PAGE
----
NEW YORK, April 22 (UPI) -- Apple's iPhone and Google's Android phone regularly track a user's location and send it back to those companies, raising privacy concerns, experts say.
The companies are gathering location information as part of their efforts to build massive databases capable of pinpointing where phone users are -- databases that could help them tap a market for location-based services expected to be worth $8.3 billion in 2014, The Wall Street Journal reported Friday.
Research by security analyst Samy Kamkar found an Android phone recorded its location every few seconds and transmitted that data to Google several times an hour along with the name, location and signal strength of any nearby Wi-Fi networks as well as a unique phone identifier, the newspaper said.
Cellphones collect location information to provide services such as local-business lookups and social-networking features, and some location data can also help cellphone networks route calls more efficiently.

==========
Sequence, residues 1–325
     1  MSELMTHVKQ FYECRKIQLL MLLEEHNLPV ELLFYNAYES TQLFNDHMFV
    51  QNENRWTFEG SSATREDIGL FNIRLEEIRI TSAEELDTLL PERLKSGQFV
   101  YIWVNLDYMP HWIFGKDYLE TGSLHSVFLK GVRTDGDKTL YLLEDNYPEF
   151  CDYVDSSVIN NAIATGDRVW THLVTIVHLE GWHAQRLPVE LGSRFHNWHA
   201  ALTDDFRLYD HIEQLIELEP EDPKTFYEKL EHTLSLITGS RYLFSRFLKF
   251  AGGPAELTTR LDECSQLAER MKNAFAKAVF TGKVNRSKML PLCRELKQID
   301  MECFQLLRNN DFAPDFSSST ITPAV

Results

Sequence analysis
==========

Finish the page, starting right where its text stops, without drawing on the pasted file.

The location tracking is raising questions from government officials and privacy advocates who say they're concerned about who has access to what could be sensitive information about the location and movements of a phone user.
On Wednesday, Rep. Edward Markey, D-Mass., sent a letter to Apple asking why the company is storing customer-location data on its phones.
"Apple needs to safeguard the personal location information of its users to ensure that an iPhone doesn't become an iTrack," Markey said in a statement.